Doctor of Philosophy (PhD)
Human Resource Education and Workforce Development
Registered nurses (RNs)working in acute care hospitals that provide services 24 hours a day 7 days a week with a variety of schedules are a challenge for Nurse Managers to communicate rapidly changing, important educational messages in a timely and efficient manner. These RNs can be considered dispersed, or distanced, employees from their Nurse Managers. Moore’s (1972) Theory of Transactional Distance was the theoretical framework to explore the effects of disseminating educational messages via email from Nurse Managers to frontline RNs working in an acute care hospital that provides services 24 hours a day 7 days a week. A researcher-developed instrument, the Multivariable Transactional Distance Survey, was used to measure transactional distance, transactional distance constructs of learner autonomy, dialogue and structure, learner experience with technology, overall RN satisfaction with the program and selected professional and personal demographics. Findings indicate that frontline RNs are ready to use email to receive educational messages. They reported confidence in using email and accessibility to a computer. They were overall satisfied with the educational messages delivered electronically. There were no significant differences found in age, gender or type of unit in which the RN worked. Results confirmed that frontline RNs are dispersed employees, working full time but only three days a week 12 hours a day. Nurses that only work two days a week had a statistically lower transactional distance scale score compared to nurses that work five days a week. There was also a statistically lower transactional distance scale score in the nurses that rotated shifts compared to those that worked the day shift. Internal consistency of the total transactional distance scale was analyzed at a Cronbach’s Alpha of .929. Factor analysis of the data resulted in a four-factor model that explained 55.13% of the variance. Ten variables with loadings ranging from .920 to .423 loaded on factor one, dialogue. Ten variables loaded on factor two, structure, with loadings ranging from .745 to .428. Factor three, learner autonomy, contained six variables with loadings ranging from .938 to .654. The fourth factor was learner experience and consisted of six variables with loadings that ranged from .782 to .457. This supports Moore’s Transactional Distance Theory.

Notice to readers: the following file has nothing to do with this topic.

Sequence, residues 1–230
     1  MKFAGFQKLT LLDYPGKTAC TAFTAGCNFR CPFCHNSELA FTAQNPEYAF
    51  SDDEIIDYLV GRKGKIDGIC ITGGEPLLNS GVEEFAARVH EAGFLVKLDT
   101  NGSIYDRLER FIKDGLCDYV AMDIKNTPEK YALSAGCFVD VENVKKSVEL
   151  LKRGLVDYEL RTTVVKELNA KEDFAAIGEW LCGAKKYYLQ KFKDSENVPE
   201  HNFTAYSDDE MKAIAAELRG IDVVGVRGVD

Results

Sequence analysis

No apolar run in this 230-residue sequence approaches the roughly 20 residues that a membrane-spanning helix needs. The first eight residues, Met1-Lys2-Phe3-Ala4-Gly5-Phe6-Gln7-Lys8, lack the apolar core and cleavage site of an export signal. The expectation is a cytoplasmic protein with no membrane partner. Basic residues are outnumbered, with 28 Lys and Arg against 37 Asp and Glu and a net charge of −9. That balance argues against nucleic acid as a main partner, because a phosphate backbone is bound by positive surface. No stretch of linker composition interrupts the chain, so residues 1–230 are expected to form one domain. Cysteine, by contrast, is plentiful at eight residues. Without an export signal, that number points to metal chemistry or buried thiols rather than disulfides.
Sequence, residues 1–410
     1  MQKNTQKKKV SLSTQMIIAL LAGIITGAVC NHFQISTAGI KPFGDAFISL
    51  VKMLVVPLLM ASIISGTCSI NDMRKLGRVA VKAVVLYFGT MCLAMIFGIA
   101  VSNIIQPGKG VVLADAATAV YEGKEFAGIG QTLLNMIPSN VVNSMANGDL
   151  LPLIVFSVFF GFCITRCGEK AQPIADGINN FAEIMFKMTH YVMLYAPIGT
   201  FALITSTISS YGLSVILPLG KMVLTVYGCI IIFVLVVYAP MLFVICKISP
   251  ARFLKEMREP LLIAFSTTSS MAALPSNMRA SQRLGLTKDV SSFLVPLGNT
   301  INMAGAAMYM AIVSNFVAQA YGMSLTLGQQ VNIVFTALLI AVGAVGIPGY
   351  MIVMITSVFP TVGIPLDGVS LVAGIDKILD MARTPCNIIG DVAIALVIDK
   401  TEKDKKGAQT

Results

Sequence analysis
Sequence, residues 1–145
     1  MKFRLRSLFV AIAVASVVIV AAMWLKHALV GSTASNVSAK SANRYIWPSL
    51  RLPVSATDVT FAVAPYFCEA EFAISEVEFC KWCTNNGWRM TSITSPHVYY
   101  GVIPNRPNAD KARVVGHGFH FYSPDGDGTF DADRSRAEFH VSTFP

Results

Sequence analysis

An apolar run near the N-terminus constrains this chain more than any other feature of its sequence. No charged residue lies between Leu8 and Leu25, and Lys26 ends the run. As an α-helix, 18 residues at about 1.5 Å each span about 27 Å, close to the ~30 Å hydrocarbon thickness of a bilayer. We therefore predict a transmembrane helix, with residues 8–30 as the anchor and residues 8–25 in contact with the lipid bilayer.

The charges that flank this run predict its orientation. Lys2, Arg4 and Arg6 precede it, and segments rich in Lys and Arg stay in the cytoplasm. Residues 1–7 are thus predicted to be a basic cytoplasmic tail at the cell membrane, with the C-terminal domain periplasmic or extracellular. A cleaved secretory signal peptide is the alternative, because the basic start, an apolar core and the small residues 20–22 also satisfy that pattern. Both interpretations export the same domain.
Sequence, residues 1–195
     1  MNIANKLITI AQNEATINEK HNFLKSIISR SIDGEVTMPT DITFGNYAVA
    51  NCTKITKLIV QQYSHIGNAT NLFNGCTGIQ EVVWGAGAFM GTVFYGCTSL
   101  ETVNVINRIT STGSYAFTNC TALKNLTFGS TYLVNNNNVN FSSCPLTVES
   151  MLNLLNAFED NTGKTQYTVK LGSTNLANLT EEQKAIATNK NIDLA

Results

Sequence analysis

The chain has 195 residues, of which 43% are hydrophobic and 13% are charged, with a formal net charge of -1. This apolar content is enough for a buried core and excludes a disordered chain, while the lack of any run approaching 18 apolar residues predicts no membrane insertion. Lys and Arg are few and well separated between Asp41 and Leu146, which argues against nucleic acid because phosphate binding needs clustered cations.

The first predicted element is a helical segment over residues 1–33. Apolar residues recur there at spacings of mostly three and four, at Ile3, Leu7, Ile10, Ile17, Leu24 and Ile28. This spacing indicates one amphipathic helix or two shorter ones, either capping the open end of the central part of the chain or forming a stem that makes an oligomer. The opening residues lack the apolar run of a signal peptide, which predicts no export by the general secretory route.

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Hughes, Wanda G., "Transactional distance theory: the effect of disseminating educational messages to frontline nurses in an acute care hospital setting" (2010). LSU Doctoral Dissertations. 2265.